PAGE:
- Two of R. Kelly’s lawyers tried to withdraw from his case, but the singer says he fired them first.
- Kelly apologized to a federal judge Wednesday “for the confusion” before she told him to stop talking.
- Kelly, who’s accused of running a sex-trafficking enterprise, will stand trial in August in Brooklyn on racketeering charges.
- Visit Insider’s homepage for more stories.
R. Kelly’s legal team is in disarray ahead of his New York sex-trafficking trial, with two of his lawyers requesting to withdraw from the case and another lawyer saying the R&B singer fired them first.
At a hearing via conference call Wednesday morning, Kelly tried to address a federal judge directly to explain why he was ditching his attorneys, Steve Greenberg and Michael Leonard, who have represented him since 2019.
“First of all, I apologize for the confusion, thank you for giving me the chance to say something about it,” Kelly told Judge Ann Donnelly.
Donnelly interrupted him, saying, “It’s never a great idea to speak without your lawyers.”
Kelly will stand trial in Brooklyn in August on racketeering charges. Prosecutors have alleged Kelly ran an elaborate criminal enterprise to traffic and exploit women and young girls and coerce them into illegal sexual activity.
The singer also faces other federal and state charges in Illinois and Minnesota. He was the subject of the bombshell
series “Surviving R. Kelly,” detailing dozens of sexual abuse allegations over the course of his decades-long career.
Kelly has pleaded not guilty to all counts, and has denied all of the allegations against him.
Greenberg and Leonard filed a motion Monday asking to withdraw from the case. Greenberg told the judge on Wednesday about a growing rivalry among Kelly’s defense team, including infighting about which lawyer would get to perform big trial roles, such as opening and closing statements and witness cross-examination.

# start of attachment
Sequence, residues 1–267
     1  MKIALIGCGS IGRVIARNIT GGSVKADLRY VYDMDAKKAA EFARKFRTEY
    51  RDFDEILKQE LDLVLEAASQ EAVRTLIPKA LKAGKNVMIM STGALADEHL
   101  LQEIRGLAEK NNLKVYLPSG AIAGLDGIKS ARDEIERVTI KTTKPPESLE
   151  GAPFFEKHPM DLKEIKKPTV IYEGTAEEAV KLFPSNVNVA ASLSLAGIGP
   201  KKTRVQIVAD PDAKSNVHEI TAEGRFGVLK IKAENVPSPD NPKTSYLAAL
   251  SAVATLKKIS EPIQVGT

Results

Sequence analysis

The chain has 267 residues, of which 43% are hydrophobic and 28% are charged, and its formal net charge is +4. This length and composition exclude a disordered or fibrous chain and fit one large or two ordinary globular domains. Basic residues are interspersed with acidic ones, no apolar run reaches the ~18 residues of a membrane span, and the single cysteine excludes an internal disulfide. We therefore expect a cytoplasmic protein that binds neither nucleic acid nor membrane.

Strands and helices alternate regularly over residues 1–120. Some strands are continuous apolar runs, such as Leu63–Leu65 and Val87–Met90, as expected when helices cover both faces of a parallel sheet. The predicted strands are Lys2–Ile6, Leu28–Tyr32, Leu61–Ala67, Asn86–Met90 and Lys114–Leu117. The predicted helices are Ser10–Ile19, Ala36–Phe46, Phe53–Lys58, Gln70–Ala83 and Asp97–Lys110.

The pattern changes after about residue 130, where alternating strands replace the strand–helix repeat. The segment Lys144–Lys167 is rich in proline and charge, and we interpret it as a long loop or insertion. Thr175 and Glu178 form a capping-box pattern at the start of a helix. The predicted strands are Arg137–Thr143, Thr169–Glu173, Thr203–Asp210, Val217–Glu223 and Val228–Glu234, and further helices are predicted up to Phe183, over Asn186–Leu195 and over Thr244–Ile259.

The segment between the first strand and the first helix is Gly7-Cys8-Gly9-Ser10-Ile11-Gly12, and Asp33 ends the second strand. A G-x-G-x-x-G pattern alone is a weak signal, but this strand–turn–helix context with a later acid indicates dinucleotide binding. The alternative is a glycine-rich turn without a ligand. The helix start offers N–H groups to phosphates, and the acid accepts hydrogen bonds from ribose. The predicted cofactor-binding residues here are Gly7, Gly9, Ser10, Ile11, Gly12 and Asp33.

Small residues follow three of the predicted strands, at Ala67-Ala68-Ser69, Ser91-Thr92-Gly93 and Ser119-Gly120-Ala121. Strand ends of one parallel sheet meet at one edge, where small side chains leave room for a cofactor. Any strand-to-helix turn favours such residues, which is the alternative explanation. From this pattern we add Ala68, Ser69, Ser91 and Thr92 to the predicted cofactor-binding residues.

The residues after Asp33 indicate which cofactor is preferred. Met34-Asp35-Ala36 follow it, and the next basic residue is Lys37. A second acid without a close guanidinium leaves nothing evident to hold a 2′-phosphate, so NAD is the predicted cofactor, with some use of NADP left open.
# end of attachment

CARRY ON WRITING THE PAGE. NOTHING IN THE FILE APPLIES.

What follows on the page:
An exiting lawyer accused another member of Kelly’s team of being unable to ‘deal with stress’
Greenberg also accused one of Kelly’s other attorneys of having a mental illness that could prevent them from effectively representing Kelly at trial.
“We have concerns with certain members of the defense who have documented mental health issues,” Greenberg said in the hearing, noting that the lawyer had wanted to cross-examine the most important witnesses.
“They can’t deal with stress,” Greenberg said. “They shut down in those instances.”
Greenberg didn’t immediately respond to Insider’s request for comment.
One of the other attorneys on Kelly’s defense team, Thomas Farinella, told Donnelly that Kelly had already fired both Greenberg and Leonard, and that Kelly had a Sixth Amendment right to be represented by lawyers of his choosing.
When Donnelly asked Kelly whether he wished to terminate Greenberg and Leonard, he confirmed it.
“Absolutely, yes ma’am, your honor,” Kelly said.
Donnelly concluded the hearing by saying she accepted Kelly’s request to no longer be represented by the two lawyers, and said she would soon schedule a pre-trial conference.
Kelly’s trial is set to begin August 9.